by ANNA HUCULAK (Predictive Solutions)
Table 1. Reliability analysis result
Table 2 shows the statistics for the whole scale when we omit one of the items:
- The first column tells us what the average of the whole scale would be if the statement was removed from the scale. This is calculated by subtracting the average for the item from the average for the whole scale. Of course, one position removed from the scale will always lead to a lower average, even more, the range of possible values will change (a scale consisting of six items can have values from 6 to 36, and a scale consisting of five items – from 5 to 30);
- One item removed from the scale will also reduce variance. The scale variance values after removing each of the items can be found in the second column of the table;
- The third column shows the correlation between the scale item and all the other items taken together. It is calculated as Pearson’s R correlation coefficient between the item value and the sum of values of the other items. Generally speaking, when we create a scale, we want the correlation between each element and the whole scale to be high. Otherwise, we may suspect that the item does not measure exactly the same construct as the others and this is a premise for considering the item to be removed from the scale. In our example, the lowest correlation coefficient with the whole scale is for the item buying new things spoils my mood;
- The fourth column shows the multiple correlation square, which you probably know from the R-square regression analysis. For each scale position, a regression model is built in which the item is a dependent variable and all other items assume the role of predictors. The aim is to predict the values for this scale item, based on knowledge of the values of all other items. The higher the R-square, the better;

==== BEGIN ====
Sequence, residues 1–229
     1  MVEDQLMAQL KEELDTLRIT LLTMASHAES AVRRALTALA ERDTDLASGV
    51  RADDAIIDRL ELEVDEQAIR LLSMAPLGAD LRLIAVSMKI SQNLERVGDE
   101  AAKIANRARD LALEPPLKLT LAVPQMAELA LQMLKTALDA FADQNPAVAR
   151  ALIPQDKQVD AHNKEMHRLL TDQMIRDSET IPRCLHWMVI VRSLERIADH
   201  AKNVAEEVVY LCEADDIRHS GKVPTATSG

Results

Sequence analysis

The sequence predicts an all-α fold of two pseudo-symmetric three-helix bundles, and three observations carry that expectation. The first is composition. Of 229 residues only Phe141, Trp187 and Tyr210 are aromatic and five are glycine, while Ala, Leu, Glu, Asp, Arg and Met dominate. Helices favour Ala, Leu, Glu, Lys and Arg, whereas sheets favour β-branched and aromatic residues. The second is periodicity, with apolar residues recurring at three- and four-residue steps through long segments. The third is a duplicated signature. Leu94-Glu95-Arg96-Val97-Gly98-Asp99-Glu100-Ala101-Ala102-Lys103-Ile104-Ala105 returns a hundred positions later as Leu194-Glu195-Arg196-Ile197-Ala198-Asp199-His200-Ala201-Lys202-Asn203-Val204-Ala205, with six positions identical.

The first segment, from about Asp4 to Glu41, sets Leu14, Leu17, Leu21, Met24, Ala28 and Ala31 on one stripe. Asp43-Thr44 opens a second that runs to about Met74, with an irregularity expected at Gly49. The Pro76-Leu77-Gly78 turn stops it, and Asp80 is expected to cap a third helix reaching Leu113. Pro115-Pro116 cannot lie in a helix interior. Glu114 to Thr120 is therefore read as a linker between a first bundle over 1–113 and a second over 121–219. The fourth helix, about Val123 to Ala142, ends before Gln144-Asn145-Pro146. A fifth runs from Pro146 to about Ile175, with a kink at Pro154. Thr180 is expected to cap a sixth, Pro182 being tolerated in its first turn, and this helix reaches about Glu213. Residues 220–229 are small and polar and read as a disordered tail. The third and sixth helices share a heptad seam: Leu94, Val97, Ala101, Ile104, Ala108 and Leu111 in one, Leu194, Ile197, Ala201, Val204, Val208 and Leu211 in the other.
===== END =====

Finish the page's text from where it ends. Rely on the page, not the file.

- The last column of the table contains information about Cronbach’s alpha value after deleting the item concerned. As we know from earlier, Cronbach’s alpha for the whole scale is 0.71. If it would appear from the table that an item, if removed, would improve (increase) the Cronbach’s alpha value, it would be a strong argument for us to reduce our scale down to five items.
- On the basis of previous analyses, we suspected that the statement buying new things spoils my mood may adversely affect the consistency of the scale. Let’s see what happens if we remove it. We can read from this table that, after removing this item, Cronbach’s alpha value would be reduced, although the decrease would be relatively small. Removing any other position would result in a greater decline. In this case, the final decision is up to the analyst. Perhaps some of you would prefer to leave this variable to maximize Cronbach’s alpha. However, if we want our scale not to be too complicated (according to the rule: the simpler, the better), we can decide to remove the item that does not contribute much to our scale.
So let’s do the reliability analysis again, but this time with this variable omitted.
If we look at table 3, we can see that the correlations between the pairs of variables for the 5 items range from 0.245 to 0.397, and the average correlation increased to 0.319. There are also no such large differences between scale items in terms of averages or variances. It seems that it was a good idea to remove the item.
Table 3. Item summary statistics – before and after the removal of the variable “buying new things spoils my mood”
Table 4. Parallel model matching test
Table 5. ANOVA with Friedman test